Mind Matters Natural and Artificial Intelligence News and Analysis
Photo taken of a heartbeat on the monitor
Image licensed via Adobe Stock

Yes, the Film on Near-Death Experiences Is Another “Hated Hit”

As with Sound of Freedom, critics trashed After Death but audiences loved it. And the critics just aren’t keeping up with the science

Back in mid-October, I asked a question: Would Angel Studios’ new film about near-death experiences, After Death hit the marketplace the same way as their Sound of Freedom?

While SoF was trashed by fashionable media, it outgrossed some of the biggest films at the box office. Will After Death, directed by Stephen Gray and Chris Radtke, meet the same fate? its basic message is the way in which NDEs are becoming an intersection of science/medicine and faith and it will be interesting to see how the fashionable media react to that.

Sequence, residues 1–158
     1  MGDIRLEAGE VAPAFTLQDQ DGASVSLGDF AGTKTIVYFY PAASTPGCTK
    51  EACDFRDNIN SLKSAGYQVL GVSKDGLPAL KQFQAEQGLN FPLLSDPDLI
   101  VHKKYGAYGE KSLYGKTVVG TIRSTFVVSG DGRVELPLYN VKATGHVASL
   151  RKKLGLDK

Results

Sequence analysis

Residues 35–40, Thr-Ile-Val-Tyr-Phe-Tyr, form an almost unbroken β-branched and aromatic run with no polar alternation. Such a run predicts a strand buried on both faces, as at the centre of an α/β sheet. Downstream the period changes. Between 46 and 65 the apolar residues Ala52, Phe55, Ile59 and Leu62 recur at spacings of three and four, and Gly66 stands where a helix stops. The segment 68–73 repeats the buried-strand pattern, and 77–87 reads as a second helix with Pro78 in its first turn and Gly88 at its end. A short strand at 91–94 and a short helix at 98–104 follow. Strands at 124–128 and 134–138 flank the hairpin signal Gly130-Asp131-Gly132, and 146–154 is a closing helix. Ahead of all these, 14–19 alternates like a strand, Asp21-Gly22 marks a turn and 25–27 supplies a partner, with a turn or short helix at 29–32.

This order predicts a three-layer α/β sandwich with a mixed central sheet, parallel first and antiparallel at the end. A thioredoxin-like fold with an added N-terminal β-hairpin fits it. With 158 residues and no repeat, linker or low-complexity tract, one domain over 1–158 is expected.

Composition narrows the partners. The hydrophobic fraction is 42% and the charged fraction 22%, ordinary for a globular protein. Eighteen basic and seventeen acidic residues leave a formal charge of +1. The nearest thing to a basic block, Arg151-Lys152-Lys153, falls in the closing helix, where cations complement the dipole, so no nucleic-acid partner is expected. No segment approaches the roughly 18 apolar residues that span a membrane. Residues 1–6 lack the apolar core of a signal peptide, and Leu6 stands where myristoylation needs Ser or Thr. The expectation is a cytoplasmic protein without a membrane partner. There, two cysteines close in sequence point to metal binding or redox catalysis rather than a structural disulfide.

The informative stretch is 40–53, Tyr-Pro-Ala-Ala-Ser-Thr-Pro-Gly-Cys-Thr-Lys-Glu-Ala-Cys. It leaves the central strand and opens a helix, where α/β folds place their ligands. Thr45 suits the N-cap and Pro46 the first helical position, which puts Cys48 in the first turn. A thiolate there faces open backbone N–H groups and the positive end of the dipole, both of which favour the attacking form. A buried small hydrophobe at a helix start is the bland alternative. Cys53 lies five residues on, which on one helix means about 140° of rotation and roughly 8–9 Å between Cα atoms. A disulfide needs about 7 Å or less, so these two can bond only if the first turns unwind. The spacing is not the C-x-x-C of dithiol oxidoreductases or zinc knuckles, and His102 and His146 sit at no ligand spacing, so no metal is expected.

Well, we have our answer and it is, perhaps not surprisingly, yes and yes. The film is a hit. From its October 27 opening through early November, it has done very well done very well at the box office, especially for a documentary. Newsweek tells us, “The latest offering from the studio that delivered Sound of Freedom has also smashed box office expectations… the highest-grossing documentary since 2019.” As of November 10, it is the top doc in terms of sales at nearly $10 million.

Significantly, After Death is a hit at a time when much bigger studios like Disney are spinning their reels producing films the North American public is increasingly reluctant to pay money to see. For example, superhero-themed The Marvels is a box office disappointment, despite being projected to earn much more than a predecessor.

Why hated?